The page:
Keith Urban Voices Praise for Surgeon

The "Profound Effect" on His Body and His Spirit

When Keith Urban was first getting his start as a singer in Australia, he’d sing every time he could; even when it was for four hours a night, five nights a week. That took a toll on one of Urban’s most valued instruments: his voice.

At a Raise Your Voice concert benefit on Monday night (March 5) at Lincoln Center in New York, Urban explained to the crowd what that was like for him physically and emotionally.

“I was touring and just getting through gigs by not talking the next day,” Urban said. And it was fellow singer-songwriter John Mayer who told Urban about Dr. Steven Zeitels, the laryngeal surgeon. “I went up to Boston to meet him. He took a good look and was like, ‘Oh yeah, we can clean all that damage right up.’”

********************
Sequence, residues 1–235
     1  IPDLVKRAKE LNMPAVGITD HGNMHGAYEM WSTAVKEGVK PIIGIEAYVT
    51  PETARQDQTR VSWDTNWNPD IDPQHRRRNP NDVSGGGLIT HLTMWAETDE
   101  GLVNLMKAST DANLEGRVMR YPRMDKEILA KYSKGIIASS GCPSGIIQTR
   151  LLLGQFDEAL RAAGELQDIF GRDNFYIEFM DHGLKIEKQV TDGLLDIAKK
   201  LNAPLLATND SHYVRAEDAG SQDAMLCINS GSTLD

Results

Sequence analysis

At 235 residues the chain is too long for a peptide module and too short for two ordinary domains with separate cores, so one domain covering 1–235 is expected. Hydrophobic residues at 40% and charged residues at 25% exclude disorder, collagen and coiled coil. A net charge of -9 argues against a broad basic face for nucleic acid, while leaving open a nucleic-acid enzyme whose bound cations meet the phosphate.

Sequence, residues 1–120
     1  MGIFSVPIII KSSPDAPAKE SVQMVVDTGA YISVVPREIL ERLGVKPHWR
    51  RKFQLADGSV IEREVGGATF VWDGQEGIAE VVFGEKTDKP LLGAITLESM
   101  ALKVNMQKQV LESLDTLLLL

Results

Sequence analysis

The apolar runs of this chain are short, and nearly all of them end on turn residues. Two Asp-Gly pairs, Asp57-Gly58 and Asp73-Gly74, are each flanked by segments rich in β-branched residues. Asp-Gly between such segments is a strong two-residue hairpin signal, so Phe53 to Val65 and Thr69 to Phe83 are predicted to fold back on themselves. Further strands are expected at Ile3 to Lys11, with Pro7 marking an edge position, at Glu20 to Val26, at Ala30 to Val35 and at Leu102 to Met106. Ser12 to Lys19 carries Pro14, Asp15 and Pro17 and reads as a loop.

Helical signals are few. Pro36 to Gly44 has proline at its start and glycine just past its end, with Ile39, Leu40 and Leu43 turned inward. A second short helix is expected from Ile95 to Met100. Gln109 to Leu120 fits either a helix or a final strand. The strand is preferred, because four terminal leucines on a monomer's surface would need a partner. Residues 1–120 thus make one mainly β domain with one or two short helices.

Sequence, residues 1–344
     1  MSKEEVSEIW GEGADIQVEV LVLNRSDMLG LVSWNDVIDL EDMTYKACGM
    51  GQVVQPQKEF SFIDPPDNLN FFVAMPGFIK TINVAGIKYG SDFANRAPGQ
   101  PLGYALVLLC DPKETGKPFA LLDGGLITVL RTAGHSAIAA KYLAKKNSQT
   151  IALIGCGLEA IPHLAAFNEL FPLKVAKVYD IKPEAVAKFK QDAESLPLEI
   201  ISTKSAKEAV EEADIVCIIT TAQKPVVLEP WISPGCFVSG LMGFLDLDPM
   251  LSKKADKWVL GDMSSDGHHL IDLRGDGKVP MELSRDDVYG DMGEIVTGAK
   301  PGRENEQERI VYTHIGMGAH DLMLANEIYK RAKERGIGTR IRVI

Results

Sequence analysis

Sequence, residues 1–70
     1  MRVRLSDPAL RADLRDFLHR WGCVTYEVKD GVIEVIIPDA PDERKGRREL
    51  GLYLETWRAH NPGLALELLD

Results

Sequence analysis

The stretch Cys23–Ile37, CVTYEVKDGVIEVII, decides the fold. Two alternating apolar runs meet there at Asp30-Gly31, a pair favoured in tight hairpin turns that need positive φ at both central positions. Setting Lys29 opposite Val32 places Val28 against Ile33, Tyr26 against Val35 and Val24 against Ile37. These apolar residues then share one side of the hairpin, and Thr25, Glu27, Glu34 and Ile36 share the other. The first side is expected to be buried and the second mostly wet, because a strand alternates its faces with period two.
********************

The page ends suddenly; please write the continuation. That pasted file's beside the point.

And Urban admitted that it wasn’t just his voice that was suffering. “My voice was vulnerable, so it made me insecure and made everything in my life vulnerable,” he shared. “I didn’t realize how much low-grade depression I was really living with.

“When you healed it and fixed it the way you did, I felt my entire spirit and life lift. I got stressed way less; I didn’t have anxiety. It had such a profound effect on my whole being and world. That’s how important my voice is to me,” he told Zeitels in front of guests at the 15th annual fundraiser for The Voice Health Institute.

Julie Andrews was honored at the event, which also featured performances by Zeitels’ other notable patients, Sam Smith and Roger Daltrey.

Alison makes her living loving country music. She's based in Chicago, but she's always leaving her heart in Nashville.